Women should be able to get an abortion in the U.S. if they so choose, as a majority of Americans believe.
But the right to an abortion and access to safe abortions are different issues. And it’s somewhat shocking to know that Martha’s Vineyard — often looked at as a liberal haven — has been classified as an abortion desert.
The closest abortion clinic to the Island has been in Attleboro, which poses a burden — particularly for low-income families and individuals. But thanks to an infusion of state funding and the work of a local healthcare group, that is about to change for the better.
Almost a year ago to the day, the Supreme Court issued a landmark ruling when it overturned Roe v. Wade, a decision with monumental impacts. The ruling effectively stripped the right to terminate a pregnancy, overturning a law that had been in place for some 50 years previously. The high court left it up to the states to decide on their own whether to allow abortions or not, which prompted state legislatures around the country to ban the practice.
Local lawmakers in Massachusetts, and then Gov. Charlie Baker, acted swiftly, protecting the right to abortions. Baker issued an executive order that allowed women access to abortions in Massachusetts when coming from a state that outlawed them; protections were also put in place to safeguard reproductive healthcare providers in Massachusetts who might be subjected to lawsuits from outside the state.
But it wasn’t just people outside Massachusetts who needed support. In the response to the overturning of Roe, Baker also allocated some $4 million to expand abortion access across Massachusetts, including on Cape Cod, Nantucket, and Southeastern Massachusetts; approximately $700,000 went to Martha’s Vineyard.
The aid package would help fill in the gaps in reproductive healthcare, and would end the so-called abortion desert on the Vineyard and much of Southeastern Massachusetts.
On the Island, funding went to Health Imperatives to help them provide what are called medication abortions, the first time the procedure was accessible at a facility on the Island. Medication abortion is seen as a safe way to end a pregnancy in the early stages. According to Imperatives, it is 98 percent effective in ending a pregnancy. A surgical abortion can be more invasive, and requires an operation.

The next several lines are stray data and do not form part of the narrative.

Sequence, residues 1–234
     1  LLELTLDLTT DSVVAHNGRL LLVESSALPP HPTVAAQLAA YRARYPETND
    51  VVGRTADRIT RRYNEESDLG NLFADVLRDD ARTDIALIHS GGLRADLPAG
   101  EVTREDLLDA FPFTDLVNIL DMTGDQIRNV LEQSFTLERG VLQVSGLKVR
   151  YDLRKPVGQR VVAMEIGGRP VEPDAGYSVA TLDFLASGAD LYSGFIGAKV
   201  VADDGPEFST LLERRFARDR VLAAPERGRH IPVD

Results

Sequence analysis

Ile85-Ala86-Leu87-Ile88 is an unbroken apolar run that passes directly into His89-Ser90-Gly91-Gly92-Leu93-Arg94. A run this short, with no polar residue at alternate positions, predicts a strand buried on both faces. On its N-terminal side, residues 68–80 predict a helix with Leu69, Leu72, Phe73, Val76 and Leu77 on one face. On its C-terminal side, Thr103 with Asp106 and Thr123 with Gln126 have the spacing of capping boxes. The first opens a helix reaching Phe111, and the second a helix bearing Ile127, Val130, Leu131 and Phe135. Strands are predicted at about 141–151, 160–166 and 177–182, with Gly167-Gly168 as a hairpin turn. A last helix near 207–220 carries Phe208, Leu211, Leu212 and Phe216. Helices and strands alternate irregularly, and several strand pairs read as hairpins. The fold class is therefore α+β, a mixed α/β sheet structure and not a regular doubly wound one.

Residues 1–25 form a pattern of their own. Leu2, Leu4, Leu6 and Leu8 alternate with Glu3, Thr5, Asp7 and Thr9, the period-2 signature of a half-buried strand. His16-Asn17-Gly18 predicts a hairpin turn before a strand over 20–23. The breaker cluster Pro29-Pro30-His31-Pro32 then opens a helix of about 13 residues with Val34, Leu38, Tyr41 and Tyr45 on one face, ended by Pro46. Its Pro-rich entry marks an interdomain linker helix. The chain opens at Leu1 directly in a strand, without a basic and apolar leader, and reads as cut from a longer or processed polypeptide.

A woman hoping to end her pregnancy with medication takes two pills — mifepristone and misoprostol — about a day or two apart. The process can be done up to the 10th week of a pregnancy.
At Imperatives, patients will be able to make an appointment or walk in to receive the medication. There is consultation before the procedure: A woman will meet with a doctor or nurse, and a counselor if requested. As officials there say, you can’t just walk in and walk out with mifepristone and misoprostol.
There are also resources available to talk through the anxiety that can come with getting an abortion, even when a woman feels it’s the right decision. The medication can be taken onsite with a companion, or taken in the comfort of their home.
Health Imperatives plans to begin offering medical abortions in the “coming days,” as Julia Kehoe, CEO and president of the organization, tells us.
Within the past few years, Health Imperatives has provided some access to medication abortions through telehealth visits. That allowed women to connect with a doctor and walk through the process remotely, but there are limitations with telehealth. A pharmacy on the Island might not carry the medication, which might force a woman off-Island. Getting on a ferry, transportation on the mainland, and finding a place to stay are other barriers, and not insignificant for low-income families. There are other complications with telehealth, like needing internet service, and not having a face-to-face conversation.
Being able to provide medical abortions at the Vineyard facility is a significant and meaningful step in providing women with safe and needed resources.
The significance was not lost on Gov. Maura Healey, who was on the Vineyard last week for the first time in her tenure as governor. Healey’s first stop was Health Imperatives, on the eve of the one-year anniversary of the overturning of Roe v. Wade.
She used the location to voice her support for abortion access. “Whatever it takes, whatever we need to do as a state to support access to reproductive healthcare — to healthcare, which I think is a human right — we are going to do,” she told reporters Thursday.
With the landmark court decision and the new restrictions on abortion, national polling has suggested that Americans’ attitudes toward abortion are shifting. For the first time, a majority now believe that abortions are “morally acceptable.” That’s likely after hearing truly horrifying stories, like a mother forced to give birth to a baby without a skull; mothers only allowed to have an abortion when they are on death’s doorstep; or a 10-year-old forced to travel across state lines to carry out an abortion after being raped — all reported by the New York Times.
With outcomes like this, Islanders should be grateful that a facility like Health Imperatives has been given proper funding to be able to provide access and to help low-income families that might be struggling with healthcare.
Too often we hear that low-income residents lack the care they need because the cost of living is so high on the Island, and accessing resources on the mainland can be difficult.
Abortion care is healthcare. It’s a human right that needs to be accessible, and we are pleased that help has arrived.